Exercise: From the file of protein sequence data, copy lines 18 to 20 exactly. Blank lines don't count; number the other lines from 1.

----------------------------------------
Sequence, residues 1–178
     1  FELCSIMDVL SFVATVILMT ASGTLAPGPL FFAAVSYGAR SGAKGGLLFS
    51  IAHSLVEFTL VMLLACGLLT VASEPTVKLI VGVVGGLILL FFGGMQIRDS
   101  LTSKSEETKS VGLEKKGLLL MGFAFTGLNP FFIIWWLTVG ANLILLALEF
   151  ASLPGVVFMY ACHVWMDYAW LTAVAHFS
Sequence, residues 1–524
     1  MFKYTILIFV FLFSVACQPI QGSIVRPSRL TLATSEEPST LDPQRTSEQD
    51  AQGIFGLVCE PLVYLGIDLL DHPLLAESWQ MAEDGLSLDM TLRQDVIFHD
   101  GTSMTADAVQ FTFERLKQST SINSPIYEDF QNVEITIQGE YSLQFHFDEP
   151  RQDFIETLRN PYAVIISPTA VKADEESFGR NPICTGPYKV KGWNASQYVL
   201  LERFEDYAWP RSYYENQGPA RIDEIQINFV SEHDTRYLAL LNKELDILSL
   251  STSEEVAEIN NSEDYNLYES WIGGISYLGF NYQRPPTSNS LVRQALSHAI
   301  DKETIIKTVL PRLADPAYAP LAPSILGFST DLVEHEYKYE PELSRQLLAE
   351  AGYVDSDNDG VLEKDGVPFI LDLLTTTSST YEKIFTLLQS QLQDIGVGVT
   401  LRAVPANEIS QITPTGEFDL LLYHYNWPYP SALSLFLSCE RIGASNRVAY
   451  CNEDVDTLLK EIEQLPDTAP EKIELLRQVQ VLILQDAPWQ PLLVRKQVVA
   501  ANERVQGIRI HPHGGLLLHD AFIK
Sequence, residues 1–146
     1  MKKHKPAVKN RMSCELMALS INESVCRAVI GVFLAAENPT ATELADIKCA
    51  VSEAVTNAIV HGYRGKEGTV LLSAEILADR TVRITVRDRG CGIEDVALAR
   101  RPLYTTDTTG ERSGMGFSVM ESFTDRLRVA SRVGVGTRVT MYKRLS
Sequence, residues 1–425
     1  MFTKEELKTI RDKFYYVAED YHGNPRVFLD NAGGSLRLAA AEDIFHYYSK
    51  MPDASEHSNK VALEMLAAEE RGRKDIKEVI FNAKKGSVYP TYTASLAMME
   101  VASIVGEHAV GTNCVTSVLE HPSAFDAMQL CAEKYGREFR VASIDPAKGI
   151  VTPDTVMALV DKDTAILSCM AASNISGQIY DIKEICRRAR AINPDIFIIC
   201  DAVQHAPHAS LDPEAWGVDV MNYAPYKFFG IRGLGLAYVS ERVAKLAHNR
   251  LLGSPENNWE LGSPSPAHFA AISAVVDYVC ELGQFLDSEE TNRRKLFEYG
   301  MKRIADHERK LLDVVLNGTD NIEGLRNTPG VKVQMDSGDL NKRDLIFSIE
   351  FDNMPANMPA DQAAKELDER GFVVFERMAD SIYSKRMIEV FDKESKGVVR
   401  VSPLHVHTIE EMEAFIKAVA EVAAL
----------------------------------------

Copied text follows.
Sequence, residues 1–146
     1  MKKHKPAVKN RMSCELMALS INESVCRAVI GVFLAAENPT ATELADIKCA
    51  VSEAVTNAIV HGYRGKEGTV LLSAEILADR TVRITVRDRG CGIEDVALAR